Research Project: The Role of Media and Communication Technologies during Disaster in the Philippines

This project seeks to understand how impoverished coastal residents monitor storms for themselves and for their community, and how storm monitoring is a part of understanding media and communication technologies in the Philippines.

How do people living in disaster-prone areas use media and communication technologies to mitigate their vulnerability? This project investigates how communities in central Philippine coastal areas use media and communication technologies to monitor storms, and coordinate community-based strategies for disaster preparedness. Although Filipinos prepare annually for as many as 20 typhoons to pass through the nation (PAGASA, 2009), no authority anticipated that Supertyphoon Yolanda (Haiyan) would upturn the technological infrastructure, social institutions, and everyday lives of 14.1 million people on November 8, 2013 (OCHA Philippines, 2013). Tacloban City, Leyte in the central Philippines (Visayas) a highly urbanized center of the disaster-affected area, suffered the most death and destruction. Within the city, Barangay San Jose (“Neighborhood San Jose”), is a peninsular neighborhood at the mouth of San Juanico Channel. People in Barangay San Jose received the full force of Yolanda’s storm surges before the water continued up the channel to Tacloban City’s downtown. This neighborhood alone lost 1,000 of the estimated 10,000 people killed in the typhoon, mostly to storm surges. Filipinos, and especially “Yolanda survivors,” now expect and prepare for the next supertyphoon. While the Philippines is one of the most disaster-prone nations in the world, it is also one of the most connected by communication technologies—ranking among the world’s texting and social media capitals (Pertierra, 2010). Many of the poorest families have at least shared access to a cellphone, radio and television. This dissertation research project asks, therefore: how are impoverished, coastal residents of Tacloban City using media and communication technologies (cellphones, radios, televisions, and internet-accessing devices) in their personal, familial, and neighborhood strategies for disaster mitigation? This research expects to find that culturally specific understandings of media and communication technologies are integral to the way people use these technologies to monitor storms. This research is an original approach to studying media use among disaster-affected people in that it seeks to understand disaster communication in context of the cultural meanings and uses of media and communication technologies.

This project depends on ethnographic methodology including participant-observation, interviews (informal conversation, formal interviews, and group interviews) and surveys to bring forth different types of knowledge and information. I will spend 15 months between September 2016 to February 2018 conducting field research in Tacloban City. This research is broken into two major phases to focus on: 1) uses and meanings of media and communication technologies during the non-storm season, during which I gain knowledge of how these technologies are understood apart from storm monitoring uses; and 2) uses and meanings of media and communication technologies during the wet season/ typhoon season, during which I focus specifically on typhoon monitoring and disaster communication. Storm monitoring is especially important in areas near the coast that are vulnerable to storm surges, like Barangay San Jose in Tacloban City. People living here coordinate strategies for evacuation, and securing property in advance of a storm’s landfall. Research is designed to understand how coastal residents monitor storms for themselves and for each other, and how these actions are integrated into their everyday, non-storm related cultural understandings of media and communication technologies.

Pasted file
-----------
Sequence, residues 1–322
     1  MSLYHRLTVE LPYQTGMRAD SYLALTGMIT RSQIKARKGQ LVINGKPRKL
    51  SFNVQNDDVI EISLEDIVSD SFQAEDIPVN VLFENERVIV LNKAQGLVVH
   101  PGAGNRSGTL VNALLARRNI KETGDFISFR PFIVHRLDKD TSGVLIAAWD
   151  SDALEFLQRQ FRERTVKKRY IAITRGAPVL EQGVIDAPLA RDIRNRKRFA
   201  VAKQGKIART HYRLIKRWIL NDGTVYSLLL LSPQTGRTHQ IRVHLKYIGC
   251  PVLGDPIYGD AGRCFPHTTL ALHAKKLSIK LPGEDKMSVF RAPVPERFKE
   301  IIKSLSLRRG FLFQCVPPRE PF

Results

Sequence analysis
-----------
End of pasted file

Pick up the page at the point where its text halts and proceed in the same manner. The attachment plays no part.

References Cited
OCHA Philippines. 2013. Philippines: Typhoon Haiyan (Situation Report No. 22).
PAGASA. 2009. ESCAP/WMO Typhoon Committee, 41st Session (Member Report). Chang Mai: PAGASA.
Pertierra, R. 2010. The Anthropology of New Media in the Philippines. Manila: Ateneo Univers, ity Press.

Distances

Whenever I spend New Year’s Eve in my family’s hometown of Monterey, California I tend to end up at Point Lobos State Park on the first day of the year. I’m back here now in Monterey in between stretches of field research at in my new home base of Tacloban, Philippines. As I look out across the Pacific ocean today, I imagine that I am looking in the direction of Tacloban, but it seems like everything earthly drops out of view after several miles or so. So, I imagine reaching the end of that point on the horizon only to look out again and again and again until I finally see land. I imagine what it would be like to arrive at Tacloban after a thousand turns over the horizon.

Somehow, over the years, I have lost my sense of distance in the places I am traveling in the world. Distance for me, is on the Priceline screen and an accounting of hours spent inside the cabin of an airplane. Looking at the ocean today, I wonder if a thousand turns over the horizon would even get me to the Philippines. It is a distance that I can hardly fit into what I know. I would have to chase the curve of the earth until I reached night. And not that night fell upon me, but that it was I who arrived upon a foreign day there in another spot in the Pacific, and entered it against the current of expected arrangements.